A federal court ruled Wednesday that the city of Atlanta’s policies violated the First Amendment when it dismissed its Christian fire chief after he self-published a devotional book that included comments critical of homosexuality.
“The government can’t force its employees to get its permission before engaging in free speech,” said Alliance Defending Freedom senior counsel Kevin Theriot, who argued before the court on behalf of former Atlanta Fire Chief Kelvin Cochran last month.
“In addition, as the court found, the city can’t leave such decisions to the whims of government officials. This ruling benefits not only Chief Cochran, but also other employees who want to write books or speak about matters unrelated to work. Atlanta can no longer force them to get permission or deny them permission just because certain officials disagree with the views expressed.”
As WND previously reported, Cochran sued the city after he was suspended and ordered to take “sensitivity training.” He ultimately was fired when a chapter in his book for men titled “Who Told You That You Are Naked?” was brought to the attention of a homosexual city council member and the mayor.
Cochran’s suit alleged he was the victim of retaliation, discrimination based on his viewpoint, and violation of his constitutionally protected freedoms of religion, association and due process. The due-process claim centered on his allegation that the city fired him without following its own procedures.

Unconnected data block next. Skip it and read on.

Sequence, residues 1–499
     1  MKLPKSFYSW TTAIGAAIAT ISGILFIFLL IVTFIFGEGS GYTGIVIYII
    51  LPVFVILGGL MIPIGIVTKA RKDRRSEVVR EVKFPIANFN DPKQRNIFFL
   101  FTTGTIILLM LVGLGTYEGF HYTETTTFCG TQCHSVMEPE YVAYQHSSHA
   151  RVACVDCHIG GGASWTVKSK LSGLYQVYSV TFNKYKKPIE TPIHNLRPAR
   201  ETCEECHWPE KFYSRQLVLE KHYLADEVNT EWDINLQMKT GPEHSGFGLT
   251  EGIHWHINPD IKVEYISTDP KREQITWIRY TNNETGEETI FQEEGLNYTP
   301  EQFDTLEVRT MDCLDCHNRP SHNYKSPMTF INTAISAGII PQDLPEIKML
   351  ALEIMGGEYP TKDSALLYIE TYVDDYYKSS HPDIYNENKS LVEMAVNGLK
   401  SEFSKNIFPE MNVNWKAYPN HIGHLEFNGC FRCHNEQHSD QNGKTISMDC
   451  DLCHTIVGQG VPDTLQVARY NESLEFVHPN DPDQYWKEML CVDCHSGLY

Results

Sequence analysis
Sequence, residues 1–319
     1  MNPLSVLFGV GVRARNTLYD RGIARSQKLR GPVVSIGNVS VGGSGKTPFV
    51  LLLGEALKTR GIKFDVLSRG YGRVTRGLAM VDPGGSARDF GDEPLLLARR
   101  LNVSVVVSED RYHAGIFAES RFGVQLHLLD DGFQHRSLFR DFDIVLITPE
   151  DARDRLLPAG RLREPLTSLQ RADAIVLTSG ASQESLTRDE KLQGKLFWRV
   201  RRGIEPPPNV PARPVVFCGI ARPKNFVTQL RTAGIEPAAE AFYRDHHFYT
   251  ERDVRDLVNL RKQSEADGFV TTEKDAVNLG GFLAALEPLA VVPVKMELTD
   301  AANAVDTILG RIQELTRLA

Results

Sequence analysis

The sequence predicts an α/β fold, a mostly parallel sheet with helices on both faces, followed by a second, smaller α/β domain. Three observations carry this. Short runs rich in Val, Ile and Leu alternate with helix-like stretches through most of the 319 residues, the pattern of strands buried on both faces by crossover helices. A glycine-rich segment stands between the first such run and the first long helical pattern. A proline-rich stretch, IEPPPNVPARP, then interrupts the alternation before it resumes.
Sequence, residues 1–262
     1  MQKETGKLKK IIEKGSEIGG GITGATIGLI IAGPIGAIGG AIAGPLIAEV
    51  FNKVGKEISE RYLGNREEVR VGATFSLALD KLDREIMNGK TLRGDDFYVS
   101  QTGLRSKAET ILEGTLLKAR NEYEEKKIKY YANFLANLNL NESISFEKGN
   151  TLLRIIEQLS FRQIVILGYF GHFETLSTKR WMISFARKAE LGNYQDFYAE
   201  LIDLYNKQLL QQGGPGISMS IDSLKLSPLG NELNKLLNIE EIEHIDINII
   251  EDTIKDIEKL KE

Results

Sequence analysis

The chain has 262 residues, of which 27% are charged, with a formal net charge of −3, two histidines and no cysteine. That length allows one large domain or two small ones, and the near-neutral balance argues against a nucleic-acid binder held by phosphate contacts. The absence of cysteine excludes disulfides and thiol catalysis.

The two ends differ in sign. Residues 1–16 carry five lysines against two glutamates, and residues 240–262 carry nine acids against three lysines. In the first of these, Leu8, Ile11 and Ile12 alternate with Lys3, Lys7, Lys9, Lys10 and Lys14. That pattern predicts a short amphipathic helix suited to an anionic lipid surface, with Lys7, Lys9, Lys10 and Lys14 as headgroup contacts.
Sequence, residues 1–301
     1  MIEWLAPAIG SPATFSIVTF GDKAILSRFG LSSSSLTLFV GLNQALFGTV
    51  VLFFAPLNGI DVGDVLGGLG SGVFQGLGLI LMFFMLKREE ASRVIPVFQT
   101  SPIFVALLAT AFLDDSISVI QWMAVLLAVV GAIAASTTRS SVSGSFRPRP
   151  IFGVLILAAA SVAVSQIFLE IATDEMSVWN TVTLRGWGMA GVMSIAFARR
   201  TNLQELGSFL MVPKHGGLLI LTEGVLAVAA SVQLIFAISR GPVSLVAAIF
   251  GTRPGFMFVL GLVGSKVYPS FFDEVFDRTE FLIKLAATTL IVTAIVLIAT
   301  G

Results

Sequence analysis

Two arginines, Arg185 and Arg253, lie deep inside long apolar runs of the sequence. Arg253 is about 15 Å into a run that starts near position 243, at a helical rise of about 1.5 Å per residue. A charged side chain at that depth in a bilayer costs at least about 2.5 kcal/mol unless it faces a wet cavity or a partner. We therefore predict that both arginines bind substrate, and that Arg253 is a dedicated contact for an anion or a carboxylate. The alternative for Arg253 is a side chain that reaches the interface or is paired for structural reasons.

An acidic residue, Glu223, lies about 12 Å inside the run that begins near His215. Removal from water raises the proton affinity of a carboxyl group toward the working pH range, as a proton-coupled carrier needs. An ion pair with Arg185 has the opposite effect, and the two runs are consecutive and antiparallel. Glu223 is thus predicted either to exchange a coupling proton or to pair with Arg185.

Cochran prevailed on the due-process claim in the decision by the U.S. District Court for the Northern District of Georgia. The city won all other claims.
The court found the city’s policy banning outside employment without prior approval was overly broad and subjective, giving veto power to supervisors based on their own biases.
With regard to the city’s “pre-clearance” rules, the court wrote in its decision in Cochran v. City of Atlanta: “This policy would prevent an employee from writing and selling a book on golf or badminton on his own time and, without prior approval, would subject him to firing. It is unclear to the Court how such an outside employment would ever affect the City’s ability to function, and the City provides no evidence to justify it. … The potential for stifled speech far outweighs an unsupported assertion of harm.”
The court added that provisions within the rules “do not set out objective standards for the supervisor to employ.”
“This does not pass constitutional muster,” the court concluded.
Cochran’s 162-page devotional book came out of his teaching at his church and was written on his personal time.
“Plaintiff’s book was written primarily for Christian men and is intended to help them fulfill God’s purpose for their lives. According to Plaintiff, one of the book’s goals is to guide men to live faith-filled, virtuous lives,” notes the court’s decision.
But after activists in Atlanta’s “gay” community complained to the city about a brief mention of homosexuality in Cochran’s book, Mayor Muhammad Kasim Reed suspended Cochran for 30 days without pay and announced he would have to complete “sensitivity training.”